Pamela Spurvey, a Peer Support Worker with Alberta Health Services, was a guest speaker at ACP’s first Leadership Symposium this past April in Calgary.
For most of her adult life, when Pamela Spurvey walked into a pharmacy, she didn’t feel welcome. She could tell by the body language and facial expressions of those behind the counter that she was being judged.
Pamela had been struggling with mental health issues and drug addictions.
“You feel stigmatized,” said Pamela (pictured above). “You’re already feeling bad things about yourself and now you’re feeling them from that person standing in front of you. That makes it even harder to ask them for help or support.”
Recently, Pamela celebrated 10 years of sobriety. She has literally turned her life around and is now a peer support worker with Alberta Health Services and a mentor with the Edmonton Drug Treatment Team.
In April, she was asked to share her story at ACP’s first Leadership Symposium and encourage pharmacy professionals to re-think how they deal with individuals who misuse drugs.
Pamela’s story is both heart-wrenching and inspiring.
Growing up, she was surrounded by addiction, and mental and physical abuse. As a teenager, despite excelling in education and sports, she was forced to quit school and get a job to help support her family. Eventually, she fell into a self-destructive lifestyle. Drugs. Crime. Teen parenthood. Every now and then, she would get a wake-up call and try the straight and narrow.
Each time she failed.
You get used to the chaos and that disabling lifestyle.
“How could I have a normal lifestyle when I didn’t know what that was?” she said. “When I tried to normalize, I felt uncomfortable and that I didn’t deserve it, so I would go back to these dark places. That’s where I felt I belonged.”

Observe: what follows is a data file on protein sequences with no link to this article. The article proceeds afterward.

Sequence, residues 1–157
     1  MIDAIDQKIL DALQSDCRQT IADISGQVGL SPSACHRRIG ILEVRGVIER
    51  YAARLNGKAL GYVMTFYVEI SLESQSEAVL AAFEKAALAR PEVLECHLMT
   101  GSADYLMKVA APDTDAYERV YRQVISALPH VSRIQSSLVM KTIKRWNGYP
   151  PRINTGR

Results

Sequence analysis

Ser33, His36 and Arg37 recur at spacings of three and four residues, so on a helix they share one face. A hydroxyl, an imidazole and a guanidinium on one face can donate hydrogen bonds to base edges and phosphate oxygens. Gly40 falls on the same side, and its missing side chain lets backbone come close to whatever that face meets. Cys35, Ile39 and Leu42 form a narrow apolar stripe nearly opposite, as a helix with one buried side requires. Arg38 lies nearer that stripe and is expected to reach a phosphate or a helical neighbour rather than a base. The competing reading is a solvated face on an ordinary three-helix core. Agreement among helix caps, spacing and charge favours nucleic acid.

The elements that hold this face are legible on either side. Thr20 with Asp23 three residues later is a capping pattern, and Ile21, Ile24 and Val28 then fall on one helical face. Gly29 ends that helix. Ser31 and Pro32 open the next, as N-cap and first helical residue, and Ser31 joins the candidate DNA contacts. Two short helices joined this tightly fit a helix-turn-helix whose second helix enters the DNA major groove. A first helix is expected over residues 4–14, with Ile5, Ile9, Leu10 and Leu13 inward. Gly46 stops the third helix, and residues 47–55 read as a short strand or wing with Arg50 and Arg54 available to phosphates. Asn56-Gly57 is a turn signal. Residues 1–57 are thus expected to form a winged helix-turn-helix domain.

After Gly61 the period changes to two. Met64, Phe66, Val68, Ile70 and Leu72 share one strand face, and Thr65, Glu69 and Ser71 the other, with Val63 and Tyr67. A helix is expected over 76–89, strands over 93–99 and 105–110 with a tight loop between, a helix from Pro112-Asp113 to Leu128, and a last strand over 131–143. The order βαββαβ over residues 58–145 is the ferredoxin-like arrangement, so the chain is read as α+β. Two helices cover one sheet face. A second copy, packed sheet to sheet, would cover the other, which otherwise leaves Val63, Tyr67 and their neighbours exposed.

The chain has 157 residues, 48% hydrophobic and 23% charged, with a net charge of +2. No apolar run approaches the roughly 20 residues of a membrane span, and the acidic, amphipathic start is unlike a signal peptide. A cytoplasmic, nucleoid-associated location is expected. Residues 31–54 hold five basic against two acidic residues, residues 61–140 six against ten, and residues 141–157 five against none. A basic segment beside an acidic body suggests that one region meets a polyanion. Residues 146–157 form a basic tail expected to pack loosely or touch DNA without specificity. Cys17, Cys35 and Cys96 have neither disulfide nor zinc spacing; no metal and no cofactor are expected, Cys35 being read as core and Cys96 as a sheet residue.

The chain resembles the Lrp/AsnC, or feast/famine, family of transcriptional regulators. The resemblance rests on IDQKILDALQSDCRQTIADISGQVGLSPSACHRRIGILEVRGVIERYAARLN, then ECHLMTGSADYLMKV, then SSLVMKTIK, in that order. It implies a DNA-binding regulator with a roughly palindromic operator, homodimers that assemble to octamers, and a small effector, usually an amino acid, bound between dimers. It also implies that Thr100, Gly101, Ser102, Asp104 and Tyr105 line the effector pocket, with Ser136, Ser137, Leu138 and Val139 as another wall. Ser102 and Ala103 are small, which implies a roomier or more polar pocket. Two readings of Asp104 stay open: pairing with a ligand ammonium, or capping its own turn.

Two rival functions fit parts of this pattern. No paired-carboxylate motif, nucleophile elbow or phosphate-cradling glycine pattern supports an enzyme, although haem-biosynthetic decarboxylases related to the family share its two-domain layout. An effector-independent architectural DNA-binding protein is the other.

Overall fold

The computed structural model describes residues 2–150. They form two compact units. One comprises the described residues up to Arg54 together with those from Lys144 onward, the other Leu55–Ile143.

Authority figures constantly told Pamela to clean up her act and take specific steps to do it. Problem is, she wasn’t ready. Eventually, though, she got there.
“I got tired of feeling hopeless and sad all the time,” she said. “Self-hatred. Feeling judged. Anxiety. Fear. Not being trusted. Seeing my children suffer. Feeling defeated. The biggest part was when my own child had to start taking care of me. I was homeless, sleeping on my oldest son’s couch. He was the caregiver because I was sick from my own drug misuse. That just didn’t feel right. I wanted to be well.”
Helping hands on the journey to recovery
When she was finally ready to get help, Pamela was given choices how to set out her recovery journey. That made all the difference. Pamela believes that as front-line health care professionals, pharmacy technicians and pharmacists have a genuine opportunity to make a difference for those who misuse drugs.
“You’ve got to see beyond the drug misuse and have an honest conversation with that person,” she said. “Find out what’s really happening with them. It’s incredible what you’d see. It would open a lot of doors.”
You can even help by simply explaining important points about their prescriptions and not making assumptions. Pamela recalls many instances when prescriptions weren’t explained to her.
“I didn’t know that if I stopped taking my anti-depressants for four days, then start them again, and then not take them for another few days that I was causing a chemical imbalance in my brain,” she said. “I was causing my depression to go all over the place. I was making things worse for myself. Nothing was explained to me. When I got the right pharmacist and all those things were explained to me, I was like, ‘Oh! I didn’t know that.’”
Her final piece of advice to pharmacy professionals is to be warm, smile, and listen.
“If you listen to someone’s story, you’ll be able to see their potential. They can’t see it in themselves sometimes.”
Because someone finally listened to Pamela and saw her as a person, a mom, a member of the community, she was able to realize her full potential and make a difference for so many others.